We know you may have questions about what the new IBM and Red Hat relationship means for Red Hat’s participation in open source projects. The short answer is nothing, but we’ve gathered a few specific questions below that you may have. In addition, I will host an online Q&A session in the coming days where you can ask questions you may have about what the acquisition means for Red Hat and our involvement in open source communities. Details will be announced on the Red Hat Blog. Continue reading
Today, CentOS turns 15 years old. It’s had hard times and good times, and gone through a number of big changes over those years. We feel that we’ve landed in a really great place over the last five years, as part of the Red Hat family of projects, and we’re very excited about what’s coming with CentOS 8, and the years to come.
Right now, we want to look back at how we got where we are now. We did that by going back and talking with some of the people that were involved in those early years, as well as some that joined the project later on. Continue reading
When a piece of proprietary software that has been developed for a few years is being open sourced, there is often a perception in the engineering world that it should be quick and painless. After all, what’s involved besides picking a license and making the code repositories open?
Here are a few things that come up when moving from a proprietary to an open source development model for a project. Continue reading
(With Leslie Hawthorn)
For the past three years, we’ve run the FOSDEM Community DevRoom, welcoming speakers from the ranks of open source maintainers, community builders, FOSS non-profit organizations, and agile coaching. We’ve also been fortunate enough to get great reviews on our program curation and DevRoom facilitation, so we’re sharing a few tips to help people who’d like to run a DevRoom at FOSDEM.
This list isn’t just for FOSDEMers, though; it’s good for anyone who needs some getting-started advice on running a single-track program at any event!
The adage “knowledge is power” is usually a very good one. After all, the more you know about what’s going on, the more you can usually make a better decision about the things you need to get done.
In an open, collaborative environment, methods such as more transparent processes can lead to more efficient knowledge sharing. which in turn can lead to more effective decisions and outcomes.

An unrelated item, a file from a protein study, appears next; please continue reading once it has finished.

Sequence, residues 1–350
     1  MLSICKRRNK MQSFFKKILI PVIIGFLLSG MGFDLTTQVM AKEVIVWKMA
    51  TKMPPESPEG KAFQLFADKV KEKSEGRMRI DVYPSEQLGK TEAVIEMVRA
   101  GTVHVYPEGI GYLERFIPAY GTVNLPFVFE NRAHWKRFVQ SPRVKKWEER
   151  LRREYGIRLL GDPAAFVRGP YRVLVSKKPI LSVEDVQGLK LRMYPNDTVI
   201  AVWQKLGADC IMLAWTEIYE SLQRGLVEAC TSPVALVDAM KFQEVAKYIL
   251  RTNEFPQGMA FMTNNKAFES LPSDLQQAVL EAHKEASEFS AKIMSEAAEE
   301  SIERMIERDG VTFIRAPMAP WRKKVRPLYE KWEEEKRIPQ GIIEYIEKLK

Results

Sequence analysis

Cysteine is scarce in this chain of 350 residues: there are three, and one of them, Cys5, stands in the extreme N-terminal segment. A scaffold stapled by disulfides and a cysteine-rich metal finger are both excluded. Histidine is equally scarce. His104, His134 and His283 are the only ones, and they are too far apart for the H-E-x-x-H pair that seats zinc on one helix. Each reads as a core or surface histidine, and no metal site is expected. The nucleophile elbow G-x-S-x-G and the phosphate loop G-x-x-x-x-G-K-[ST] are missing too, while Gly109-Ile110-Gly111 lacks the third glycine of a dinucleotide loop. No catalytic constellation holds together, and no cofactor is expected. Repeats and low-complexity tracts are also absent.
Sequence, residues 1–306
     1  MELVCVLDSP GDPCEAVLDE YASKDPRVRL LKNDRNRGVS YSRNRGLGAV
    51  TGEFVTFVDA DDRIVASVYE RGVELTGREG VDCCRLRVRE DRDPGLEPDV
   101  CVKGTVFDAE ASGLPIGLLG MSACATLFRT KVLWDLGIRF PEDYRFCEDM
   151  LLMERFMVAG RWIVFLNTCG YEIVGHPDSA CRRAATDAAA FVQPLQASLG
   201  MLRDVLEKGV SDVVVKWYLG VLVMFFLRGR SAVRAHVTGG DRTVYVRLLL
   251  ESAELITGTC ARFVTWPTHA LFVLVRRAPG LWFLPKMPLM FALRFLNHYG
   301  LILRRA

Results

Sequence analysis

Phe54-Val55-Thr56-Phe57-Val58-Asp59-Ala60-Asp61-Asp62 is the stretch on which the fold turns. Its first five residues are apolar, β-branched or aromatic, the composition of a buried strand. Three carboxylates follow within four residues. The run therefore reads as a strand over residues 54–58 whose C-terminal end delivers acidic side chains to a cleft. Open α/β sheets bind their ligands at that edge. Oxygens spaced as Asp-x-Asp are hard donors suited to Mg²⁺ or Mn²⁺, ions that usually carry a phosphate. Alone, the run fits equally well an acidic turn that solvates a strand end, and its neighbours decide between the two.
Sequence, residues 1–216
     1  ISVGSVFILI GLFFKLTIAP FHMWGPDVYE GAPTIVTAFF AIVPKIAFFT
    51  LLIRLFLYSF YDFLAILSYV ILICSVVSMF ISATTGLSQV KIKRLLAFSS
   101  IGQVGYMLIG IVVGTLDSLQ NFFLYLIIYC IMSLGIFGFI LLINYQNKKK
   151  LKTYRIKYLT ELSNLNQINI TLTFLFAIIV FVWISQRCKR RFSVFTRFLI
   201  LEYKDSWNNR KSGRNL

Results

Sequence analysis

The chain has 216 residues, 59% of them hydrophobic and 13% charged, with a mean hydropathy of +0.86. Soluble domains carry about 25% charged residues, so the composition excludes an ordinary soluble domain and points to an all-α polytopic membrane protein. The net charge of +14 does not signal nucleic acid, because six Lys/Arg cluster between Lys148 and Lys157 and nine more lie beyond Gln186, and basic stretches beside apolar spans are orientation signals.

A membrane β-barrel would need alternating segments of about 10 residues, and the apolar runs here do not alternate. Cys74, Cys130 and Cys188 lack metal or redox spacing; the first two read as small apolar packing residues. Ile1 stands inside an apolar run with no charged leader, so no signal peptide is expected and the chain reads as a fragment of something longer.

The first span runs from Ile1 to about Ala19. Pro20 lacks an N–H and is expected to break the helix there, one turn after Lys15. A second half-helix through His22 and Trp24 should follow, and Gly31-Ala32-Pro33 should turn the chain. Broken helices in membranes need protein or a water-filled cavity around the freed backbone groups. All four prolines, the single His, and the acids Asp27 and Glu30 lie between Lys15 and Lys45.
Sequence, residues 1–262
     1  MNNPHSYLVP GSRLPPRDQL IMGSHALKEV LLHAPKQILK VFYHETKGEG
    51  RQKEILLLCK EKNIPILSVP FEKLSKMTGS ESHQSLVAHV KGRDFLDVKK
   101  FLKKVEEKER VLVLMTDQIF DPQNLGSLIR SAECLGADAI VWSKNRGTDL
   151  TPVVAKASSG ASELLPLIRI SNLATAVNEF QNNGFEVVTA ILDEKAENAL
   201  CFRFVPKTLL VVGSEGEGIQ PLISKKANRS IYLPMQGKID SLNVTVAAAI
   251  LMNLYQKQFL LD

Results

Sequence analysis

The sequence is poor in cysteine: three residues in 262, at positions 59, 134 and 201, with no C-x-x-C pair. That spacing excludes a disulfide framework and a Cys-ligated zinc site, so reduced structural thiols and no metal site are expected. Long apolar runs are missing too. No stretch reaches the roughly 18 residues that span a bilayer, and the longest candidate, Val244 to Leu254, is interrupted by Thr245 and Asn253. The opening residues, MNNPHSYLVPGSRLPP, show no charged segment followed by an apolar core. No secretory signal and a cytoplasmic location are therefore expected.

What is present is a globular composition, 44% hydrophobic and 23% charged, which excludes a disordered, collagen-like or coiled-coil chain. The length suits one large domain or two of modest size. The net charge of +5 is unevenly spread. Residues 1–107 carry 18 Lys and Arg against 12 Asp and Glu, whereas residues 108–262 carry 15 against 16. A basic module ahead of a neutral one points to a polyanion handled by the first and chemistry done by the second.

But such systems also have people involved, and when that happens, sometimes the most ideal open framework can be thwarted from its intended goals.
These were just a couple of variations of hashtags that propagated through the chat channels shared by Red Hat associates and upstream community members during the course of the DevConf.cz and FOSDEM events, as a flu-like infection went off like a bomb among our friends.
Companies are now taking pride in their rankings for providing their employees with flexible, relaxed, and comfortable working hours to help them manage their lives better. In return, employers get access to the best talent from across the world without having to consider the geographical constraints. It is happening now more than ever, and needless to say that no one is perfectly equipped to tackle the emerging unexplored challenges that come with it.
Of course, we saw this coming. We knew there would be problems with the incompatible working hours, the difference in work cultures, technical problems with connectivity, etc. What was inadvertently overlooked was a simple fact that “humans are social animals.” We have been conditioned to rely on society around us for every kind of exchange and we do need a social confirmation of some sort to stay motivated and driven.
I’m often asked about the timing of linux.conf.au as it generally occurs during January, or early February, when a lot of people in Australia and New Zealand are taking a summer break. My response is that the timing is perfect as it provides a much needed mental jump start at the beginning of the year, and always leaves me excited about the amazing things happening within our Open Source community.
The 2019 linux.conf.au in Christchurch NZ, I’m very pleased to say, did not disappoint in this context. It easily stands as one of the best conferences I’ve been to in the last 10+ years, and I already can’t wait for next year’s conference in the Gold Coast of Australia. In addition Red Hat continues to sponsor the conference each year, and several colleagues had speaker slots.
To paraphrase my colleague, Dave Neary, cookie licking is when you volunteer to do something and underestimate the commitment required. Then, instead of stepping back so someone else can do the work, you keep the task marked as yours, preventing someone with time from taking it. This can also manifest as staying on as part of a leadership group you don’t have time for, thereby creating a block on consensus and decision making when you don’t have time to show up.
There’s big news coming out of KubeCon Seattle today: our team is donating a keystone project to the Cloud Native Computing Foundation (CNCF), ensuring that project’s longevity and success. The open source etcd project has been donated and accepted into the CNCF, a neutral foundation housed under The Linux Foundation to drive the adoption of cloud native systems.
Open sourcing code is always at the forefront of Red Hat’s goals, whether we start new projects like etcd, which has been open since it launched in 2013, or opening projects whenever we acquire software that is closed and proprietary. We have done it so many times it is second nature. We open sourced oVirt after we acquired Qumranet, Aerogear after picking up FeedHenry, and Ansible Tower after adding Ansible to our ranks. We are firmly committed to the open source model of collaboration and innovation, so when we do have closed code in our portfolio, it’s not a question of “if” we will open source the software, but generally “when.”